As previously posted, one of the Iaido Waza (form or technique) I demonstrated for my test in Japan is called Yaegaki. I was going to do Hidari, and practiced incorporating it into my routine, but on the eve of my departure Sensei Diamantstein suggested that since I was testing for Nidan (2nd degree) I should perhaps consider demonstrating the more difficult Yaegaki. This was his subtle way of saying “Don’t be easy on yourself. The test is there to test you. Why not test yourself within that?”
That night, I bought a bottle of sake at my local Lucky supermarket to share with a friend on my boat. The brand: Yaegaki. It was sign. I would incorporate one of the longest and most difficult of my iaido curriculum into my testing demonstration. Since then, I have begun to see Yaegaki as a metaphor for my journey in search of the Mask of Satori.
Depending on who you ask and where you look and in what context you put it, Yaegaki means variously Yin/Yang, Mind and Body or Barriers Within Barriers. I prefer the latter definition because for me it brings out the idea of the fortress in movement. Responding, reacting but never letting the guard down. In other words staying open to new experiences. Even if it is painful to master the footwork and weight shifts, (I found my feet were bleeding at the end of all my practices in Japan) the reward is great. For me, this waza says “Just when you think its over, something happens. So keep peeling the onion. You may cry, but there’s more layers to go.”
The basic scenario or bunkai for Yaegaki is deceptively simple: You sit in seiza (Japanese style) directly across from someone who may or may not be your opponent. Your face betrays nothing. In a calm manner you respond to the opponent’s attack by drawing and slashing across an area that goes roughly from the chin to the base of the Adam’s apple.
Once the tip of the blade (Kissaki) clears the sheath- a place called the Koi guch , literally “mouth of the carp” there is no turning back. The inevitability of this movement is called Saya no uchi, Literally “The point of no return.” But is it?
You quickly snap the sword over your head in a move called Furi-kaburi and cut, Kirioroshi , sword sweeping in a blistering perfect perabola that comes to a dead stop, the sword handle exactly one and one half fists from your navel.
However, the opponent has managed to evade the brunt of your attack and “plays possum” until you are vulnerable during noto, (re sheathing) and makes a surprise attempt to sever your right leg. You use a second nukitsuke (cross cut) to block this slash and follow with your own kirioroshi, (vertical cut.)
You then perform O-chiburi, flicking the blood off the blade before re sheathing (noto) and returning to your original position like nothing happened.
Omote and Ura
One of the concepts that intrigued me in Japan was the idea of Omote and Ura. The nuances of Omote and Ura are difficult to translate. The first meaning might be as simple as “Front” and “Back.” The next meaning is like the two sides of a coin, say “Heads” and “Tails” or two sides of a blank sheet of paper. They are identical, yet different. But of course this is Japan so there is another meaning:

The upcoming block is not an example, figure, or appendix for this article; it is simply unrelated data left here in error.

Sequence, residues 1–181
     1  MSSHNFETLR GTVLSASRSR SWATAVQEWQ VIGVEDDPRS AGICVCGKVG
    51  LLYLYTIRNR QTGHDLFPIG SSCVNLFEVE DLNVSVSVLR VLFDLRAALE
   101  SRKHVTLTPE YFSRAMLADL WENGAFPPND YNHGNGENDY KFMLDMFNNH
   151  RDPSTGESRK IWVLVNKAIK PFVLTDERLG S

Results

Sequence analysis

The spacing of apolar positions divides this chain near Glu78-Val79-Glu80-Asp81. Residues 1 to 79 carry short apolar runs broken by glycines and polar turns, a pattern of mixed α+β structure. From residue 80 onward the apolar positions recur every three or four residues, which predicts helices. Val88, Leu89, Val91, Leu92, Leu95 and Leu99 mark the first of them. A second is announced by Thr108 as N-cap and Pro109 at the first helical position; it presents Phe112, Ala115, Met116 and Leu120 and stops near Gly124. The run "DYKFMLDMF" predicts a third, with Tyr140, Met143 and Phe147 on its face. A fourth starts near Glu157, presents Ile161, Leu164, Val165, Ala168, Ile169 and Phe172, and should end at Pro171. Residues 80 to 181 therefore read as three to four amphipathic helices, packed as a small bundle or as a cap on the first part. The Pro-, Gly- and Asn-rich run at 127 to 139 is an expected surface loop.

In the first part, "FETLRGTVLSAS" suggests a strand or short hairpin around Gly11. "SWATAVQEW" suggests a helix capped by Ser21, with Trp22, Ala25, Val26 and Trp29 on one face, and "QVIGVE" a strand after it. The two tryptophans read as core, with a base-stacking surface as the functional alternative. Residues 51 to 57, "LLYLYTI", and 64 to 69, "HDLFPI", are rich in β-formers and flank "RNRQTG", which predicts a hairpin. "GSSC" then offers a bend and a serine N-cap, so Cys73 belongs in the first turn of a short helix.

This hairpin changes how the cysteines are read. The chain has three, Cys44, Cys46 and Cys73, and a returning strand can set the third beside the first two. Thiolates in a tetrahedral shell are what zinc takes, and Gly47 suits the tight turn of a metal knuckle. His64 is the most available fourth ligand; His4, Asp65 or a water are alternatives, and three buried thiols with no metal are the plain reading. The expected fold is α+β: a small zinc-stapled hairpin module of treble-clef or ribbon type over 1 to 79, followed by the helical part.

Omote and Ura can also mean “Apparent” and “Hidden.”
"It's a Yaegaki." I said to myself.
A barrier within a barrier.
Ura is the world behind the screen, the gears of the machine, the work that went in to the ease.
Omote is the mask.
The Mask of Satori
How we cover reveals what we're hiding. So I now have a new criteria for the Mask of Satori. Not only must it be universal, raceless, genderless, stateless and yet infinitely expressive, it must also be the Omote element of a complex and multifaceted Ura crammed into the Mask like a billion gigabytes on the head of a pin. Or the tip of a blade. The Kissaki.
In my search for the Mask of Satori I am convinced I found an unexpected pearl;
All acting styles are simply differentiations in the balance between Omote and Ura.
All Ura and you’re doing Commedia.
All Omote and you’re in Pinter land.
When I teach at the Berkeley Rep, I always do a few exercises dealing with what I call “Non-verbal Leakage.” I experiment with giving the actors secrets that are too difficult for the character to keep hidden. To keep Ura.
So we play with “The Waiter Who Has To Pee,” “The Drunken Pilot,” or “The Real Estate Agent Who Is Really A Terrorist.” Each of these characters wages a private war with Omote and Ura. Nothing better than watching a clown in trouble.
“Great!” is Enough
So I’m home.
Back in the familiar rehearsal hall at the California Shakespeare Theatre in Berkeley California where I am participating in a workshop of Steinbeck’s The Pastures of Heaven, developing a text written by Octavio Solis. The friendly faces of Joan Mankin, Sarah Nealis and Jonathon Moscone and the others are great to see. They ask “How was Japan?” and I say “Great!” and we get to work on the project at hand. There’s no time for me to tell them every detail of my adventure even if they were interested, so my “Great!” will have to suffice. I am offering then, the Omote or apparent description of my experience. The Ura is all the sights and sounds and smells and tastes that I experienced.
My thought is this:
If the Omote and Ura are different sides of the same coin, and each has all the ingredients of the other, then there is an exquisite balance between what is said and what is not said.
And my simple “Great!” Is enough.